Resource 6: Generating electricity in Africa
Background information / subject knowledge for teacher
Generating electricity in Africa
You can use this information to create some posters that your students can refer to during the lesson.
Africa, as a continent, has huge natural fuel resources.
Fossil fuels include gas, oil and coal. New reserves are being found all the time, but once they have been used up they cannot be replaced. A recent discovery is the presence of gas under the sea bed, off the coast of Tanzania.
Fossil fuels are burnt to produce heat, which is used to heat water to generate steam to drive a turbine. In the process, carbon dioxide and other acidic gases are given off which can cause global warming and acid rain. Also, oil and gas have other uses, as a source of petro-chemicals, so it could be argued that they should not be burnt. However, fossil fuels are relatively cheap and burn to produce a lot of heat.
In addition to fossil fuel resources, the continent has huge potential for the development of alternative energy schemes based on renewable sources of energy.
The Rift Valley, which stretches south from Syria to Mozambique, has been targeted by the Kenya Electricity Generating Company (KenGen) as a site for one of the world’s largest geothermal energy projects.
The $1. 3bn (£830m) project, to develop 280 MW of geothermal power by 2013, is expected to be backed by the World Bank and will more than double KenGen's geothermal capacity.
In this system, steam-gathering machines are used to drill down into the Earth’s crust and the steam that occurs naturally underground in some places (notably places where there are also volcanoes) is brought to the surface and used to drive turbines. There is very little pollution, but the system is expensive to install. It only works in certain places.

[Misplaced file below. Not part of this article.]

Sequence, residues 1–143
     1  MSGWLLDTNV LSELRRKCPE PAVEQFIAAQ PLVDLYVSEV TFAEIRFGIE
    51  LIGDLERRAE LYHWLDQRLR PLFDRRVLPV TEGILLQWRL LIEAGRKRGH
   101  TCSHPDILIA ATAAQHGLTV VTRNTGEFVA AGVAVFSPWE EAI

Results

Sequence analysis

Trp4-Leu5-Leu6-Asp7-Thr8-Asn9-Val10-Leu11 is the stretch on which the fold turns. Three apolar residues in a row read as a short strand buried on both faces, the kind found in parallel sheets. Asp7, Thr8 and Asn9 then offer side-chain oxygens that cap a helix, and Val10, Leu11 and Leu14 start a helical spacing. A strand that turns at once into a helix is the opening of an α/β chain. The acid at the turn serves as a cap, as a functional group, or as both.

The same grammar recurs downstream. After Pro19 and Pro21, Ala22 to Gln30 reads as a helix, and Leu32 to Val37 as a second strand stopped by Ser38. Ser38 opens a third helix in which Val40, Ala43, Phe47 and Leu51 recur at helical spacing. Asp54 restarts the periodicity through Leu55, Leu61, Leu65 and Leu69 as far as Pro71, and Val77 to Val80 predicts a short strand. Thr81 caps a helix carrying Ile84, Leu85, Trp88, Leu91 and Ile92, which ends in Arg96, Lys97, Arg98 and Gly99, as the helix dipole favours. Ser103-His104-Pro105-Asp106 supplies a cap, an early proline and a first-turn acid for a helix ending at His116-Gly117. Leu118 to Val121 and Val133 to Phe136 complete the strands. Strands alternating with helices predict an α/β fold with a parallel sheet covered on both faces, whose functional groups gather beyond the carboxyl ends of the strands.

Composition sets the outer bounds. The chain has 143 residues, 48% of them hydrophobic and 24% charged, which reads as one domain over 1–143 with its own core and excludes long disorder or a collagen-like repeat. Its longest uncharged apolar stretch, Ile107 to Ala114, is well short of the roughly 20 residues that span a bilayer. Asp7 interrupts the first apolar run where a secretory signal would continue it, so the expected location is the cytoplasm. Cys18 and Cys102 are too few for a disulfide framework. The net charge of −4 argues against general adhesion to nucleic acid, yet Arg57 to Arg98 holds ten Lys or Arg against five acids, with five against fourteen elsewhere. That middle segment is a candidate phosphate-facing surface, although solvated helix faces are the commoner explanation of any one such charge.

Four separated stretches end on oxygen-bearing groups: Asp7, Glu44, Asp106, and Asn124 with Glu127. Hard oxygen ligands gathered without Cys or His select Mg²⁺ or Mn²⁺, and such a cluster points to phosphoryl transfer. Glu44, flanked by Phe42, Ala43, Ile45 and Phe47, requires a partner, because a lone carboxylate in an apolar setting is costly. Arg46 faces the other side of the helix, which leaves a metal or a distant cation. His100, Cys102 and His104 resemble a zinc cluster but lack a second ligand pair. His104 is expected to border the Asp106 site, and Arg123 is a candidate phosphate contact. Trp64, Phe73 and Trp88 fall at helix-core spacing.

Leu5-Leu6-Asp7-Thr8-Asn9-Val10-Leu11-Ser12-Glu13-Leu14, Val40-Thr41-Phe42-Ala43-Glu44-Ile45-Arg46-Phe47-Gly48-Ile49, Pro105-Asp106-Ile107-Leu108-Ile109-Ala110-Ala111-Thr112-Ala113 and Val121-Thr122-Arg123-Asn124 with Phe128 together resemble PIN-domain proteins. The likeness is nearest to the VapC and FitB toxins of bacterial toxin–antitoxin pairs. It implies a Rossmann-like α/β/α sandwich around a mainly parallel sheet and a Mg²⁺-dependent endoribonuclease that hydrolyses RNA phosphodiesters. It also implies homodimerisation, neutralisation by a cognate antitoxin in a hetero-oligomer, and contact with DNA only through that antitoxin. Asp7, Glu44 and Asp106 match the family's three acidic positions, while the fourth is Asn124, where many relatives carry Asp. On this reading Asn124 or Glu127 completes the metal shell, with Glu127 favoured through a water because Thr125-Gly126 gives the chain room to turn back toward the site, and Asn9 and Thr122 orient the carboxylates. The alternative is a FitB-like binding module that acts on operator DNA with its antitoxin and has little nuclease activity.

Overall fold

Africa also has some of the largest rivers in the world that lend themselves to the utilisation of micro-hydro-power plants. A section through a typical installation is shown below. Hydro electric power uses gravity. Water, falling from a significant height, or flowing fast, is used to drive a turbine which produces electricity.
In fact, it has been claimed that such installations on the ‘Niger, Senegal, Congo, Orange, Limpopo, Volta and Zambezi rivers can generate enough electricity to meet all of Africa’s energy needs.’ (http://www.desertec-africa.org/ index.php?option=com_content&view=category&id=2&layout=blog&Itemid=2)
Wind turbines can be installed in areas where the wind is reliable. The wind drives blades which in turn cause a conductor to move in a magnetic field, which generates electricity. They are expensive to build and quite a lot of turbines are needed to produce reasonable amounts of electricity. Some people complain about the appearance and the noise that they make, but they don’t produce any fumes or ash.
also enjoys a great deal of sunshine and it is solar energy that produces, potentially, the greatest output of electricity through photovoltaic cells and concentrated solar power (CSP). Whereas PV converts the sun’s light directly into electricity, CSP concentrates the sun’s light, using mirrors that track the trajectory of the sun through the sky from sunrise to sunset, in order to heat water to produce steam that powers turbines and generates electricity. Again, it can be expensive to set up a solar energy plant, but once it is running, the costs are low. Solar panels are also quite delicate and susceptible to damage if not properly installed.
Many organisations in Africa have small diesel generators in order to compensate for unreliable supply from power stations. These use fossil fuels and therefore produce greenhouse gases.
|Initial price (very approximate)
|£20 000 (to produce 5kW)
|Variable – depends on the number of panels
|Cost of diesel
|£1. 40 per litre
|Amount of fuel used
|£1 litre per hour
5 kW is enough to run multiple items
Relatively cheap to buy and install
No running costs other than maintenance
No fuel costs
Africa generally has a lot of sun and the sun is overhead
Used to charge batteries so electricity is available after dark
Can be unreliable if not properly maintained
Price of diesel varies
Produces CO2 and fumes
Very expensive to install
Fragile – need to be on a roof or fenced in
Low wattage produced
Questions you could use to structure the task for children who might need help
If the diesel generator ran for 4 hours a day, how much diesel would be used each day?
How much diesel would be used in a year?
How much would this cost?
How many years would it take reach a total cost of £20 000 (the cost of solar panels)?